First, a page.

Before defining a shared key, consider the following:
- The shared key should be set to 16 characters (any characters beyond 16 are not used). It is recommended that you use a sequence of random characters for the key. Any characters may be used, including nonalphanumeric characters.
- The key should not be set to a dictionary word or a common value that is easily guessed. Since there is no need to remember the key or use it elsewhere, key complexity does not pose the same issues as it does with passwords.
- The token is encrypted with the shared key using the Advanced Encryption Standard (AES), also known as Rijndael. The 16 characters in the key represent the 128 bits used for encryption. For more information on encryption and AES, consult security references or someone in your organization with expertise in security and cryptography.
- In highly secure environments, it is recommended that you change the shared key on a periodic basis. Keep in mind that if you change the shared key, you may need to update your applications to use the new shared key. All existing embedded tokens will become invalid once you change the shared key.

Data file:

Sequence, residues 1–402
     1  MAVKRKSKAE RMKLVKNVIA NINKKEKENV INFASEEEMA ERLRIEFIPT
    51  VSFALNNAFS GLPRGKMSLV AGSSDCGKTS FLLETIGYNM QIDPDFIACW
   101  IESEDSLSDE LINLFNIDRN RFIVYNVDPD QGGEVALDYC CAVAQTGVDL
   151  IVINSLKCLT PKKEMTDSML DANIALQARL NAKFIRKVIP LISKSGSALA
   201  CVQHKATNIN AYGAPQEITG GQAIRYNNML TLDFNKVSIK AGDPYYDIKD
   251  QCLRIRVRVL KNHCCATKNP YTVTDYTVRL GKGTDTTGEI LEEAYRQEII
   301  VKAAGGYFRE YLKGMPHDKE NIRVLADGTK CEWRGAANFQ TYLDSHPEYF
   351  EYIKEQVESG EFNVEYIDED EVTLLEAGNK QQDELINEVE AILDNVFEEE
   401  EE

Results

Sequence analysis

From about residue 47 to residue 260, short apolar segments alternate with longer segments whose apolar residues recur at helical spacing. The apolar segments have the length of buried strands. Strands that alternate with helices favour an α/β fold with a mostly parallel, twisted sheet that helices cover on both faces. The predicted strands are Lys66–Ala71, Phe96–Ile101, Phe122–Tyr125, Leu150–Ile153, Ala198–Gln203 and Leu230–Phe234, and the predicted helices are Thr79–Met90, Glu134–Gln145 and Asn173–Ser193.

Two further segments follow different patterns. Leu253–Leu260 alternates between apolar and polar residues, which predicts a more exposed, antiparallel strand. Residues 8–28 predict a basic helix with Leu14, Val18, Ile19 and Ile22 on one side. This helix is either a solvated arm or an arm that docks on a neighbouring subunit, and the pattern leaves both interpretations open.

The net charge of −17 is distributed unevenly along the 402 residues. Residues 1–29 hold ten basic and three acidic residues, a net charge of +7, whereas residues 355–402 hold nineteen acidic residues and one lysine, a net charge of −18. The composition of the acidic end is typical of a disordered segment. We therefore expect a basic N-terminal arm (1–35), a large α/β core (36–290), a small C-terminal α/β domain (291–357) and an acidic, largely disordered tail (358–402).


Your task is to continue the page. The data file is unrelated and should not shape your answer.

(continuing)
To learn more, see About ArcGIS tokens.
Securely transmitting ArcGIS tokens
To prevent the interception and misuse of tokens, the use of a secure connection using HTTPS (Secure Sockets Layer, or SSL) is recommended. The use of HTTPS/SSL ensures that the user name and password sent from the client and the token returned from ArcGIS Server cannot be intercepted. To learn more, see Enabling SSL on ArcGIS Server.
Using standardized queries
ArcGIS Server includes a security option, named standardized queries, that provides greater protection against SQL injection attacks. This option is enabled by default.
If you're a server administrator, it is recommended that you leave this security option enabled and instruct your application developers to construct where clause statements that use database-independent syntax. Disabling this option could make your system more vulnerable to SQL injection attacks.
To learn more, see About standardized queries.
Disabling the Services Directory
You can disable the Services Directory to reduce the chance that your services can be browsed, found in a web search, or queried through HTML forms. Disabling the Services Directory also provides further protection against cross-site-scripting (XSS) attacks.
The decision to disable the Services Directory depends on the purpose of your site and the degree to which it needs to be navigated by users and developers. If you disable the Services Directory, you may need to prepare to create other lists or metadata about the services available on your site.
For instructions on disabling the Services Directory, see Disabling the Services Directory.
Restrict cross-domain requests
Cross-domain requests are used in many system attacks. It is a recommended practice to restrict the use of ArcGIS Server services to applications hosted only in domains that you trust. To learn more, see Restricting cross-domain requests to ArcGIS Server.